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Thursday, December 10, 2015

What Happens To Teams When You Have "Too Much Talent"

The Surprising Problem of Too Much Talent

A new finding from sports could have implications in business and elsewhere

Cindi May | October 14, 2014

Why is too much talent a bad thing? Think teamwork. In many endeavors, success requires collaborative, cooperative work towards a goal that is beyond the capability of any one individual. Even Emmitt Smith needed effective blocking from the Cowboy offensive line to gain yardage. When a team roster is flooded with individual talent, pursuit of personal star status may prevent the attainment of team goals. The basketball player chasing a point record, for example, may cost the team by taking risky shots instead of passing to a teammate who is open and ready to score.

The idea that a pecking order is critical for success comes from, well, chickens. In order to maximize egg production, sellers selectively breed the chickens who lay the most eggs. But something goes terribly wrong when you place a high number of the best egg-producing chickens in one colony: Total cage-wide production plummets. And, even worse, chicken deaths skyrocket. Why? Because, the best egg producers also happen to be the most competitive birds, and when they are brought together, they begin fighting over food, space, and territory. They peck each other to death. For chickens, businessmen, and basketball players alike, high-levels of performance comes with high-levels of competitive spirit. These status conflicts drive performance down.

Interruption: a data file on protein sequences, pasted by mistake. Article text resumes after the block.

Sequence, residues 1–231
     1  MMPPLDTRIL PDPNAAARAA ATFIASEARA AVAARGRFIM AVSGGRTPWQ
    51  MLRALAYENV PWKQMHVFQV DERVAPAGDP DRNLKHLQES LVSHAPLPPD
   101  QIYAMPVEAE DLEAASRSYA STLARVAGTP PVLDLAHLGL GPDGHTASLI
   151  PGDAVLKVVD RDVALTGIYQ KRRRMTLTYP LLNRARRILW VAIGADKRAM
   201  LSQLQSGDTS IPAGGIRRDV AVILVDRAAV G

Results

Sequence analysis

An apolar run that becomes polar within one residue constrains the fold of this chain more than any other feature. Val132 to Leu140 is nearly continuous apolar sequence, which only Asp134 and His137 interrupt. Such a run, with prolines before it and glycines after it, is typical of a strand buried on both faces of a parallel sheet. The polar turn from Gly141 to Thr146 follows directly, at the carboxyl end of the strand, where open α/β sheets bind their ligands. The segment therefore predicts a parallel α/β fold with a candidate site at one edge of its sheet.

<more at; related links: (The Problem of Too Much Talent. It’s true of basketball players, businesspeople, and even baboons: When too many powerful personalities are present, discord ensues. September 30, 2015) and (The Too-Much-Talent Effect: Team Interdependence Determines When More Talent Is Too Much or Not Enough. Roderick I. Swaab, Michael Schaerer, Eric M. Anicich, Richard Ronay and Adam D. Galinsky. Psychological Science 2014 25: 1581 originally published online 27 June 2014. DOI: 10.1177/0956797614537280.[Abstract: Five studies examined the relationship between talent and team performance. Two survey studies found that people believe there is a linear and nearly monotonic relationship between talent and performance: Participants expected that more talent improves performance and that this relationship never turns negative. However, building off research on status conflicts, we predicted that talent facilitates performance—but only up to a point, after which the benefits of more talent decrease and eventually become detrimental as intrateam coordination suffers. We also predicted that the level of task interdependence is a key determinant of when more talent is detrimental rather than beneficial. Three archival studies revealed that the too-much-talent effect emerged when team members were interdependent (football and basketball) but not independent (baseball). Our basketball analysis also established the mediating role of team coordination. When teams need to come together, more talent can tear them apart.])>

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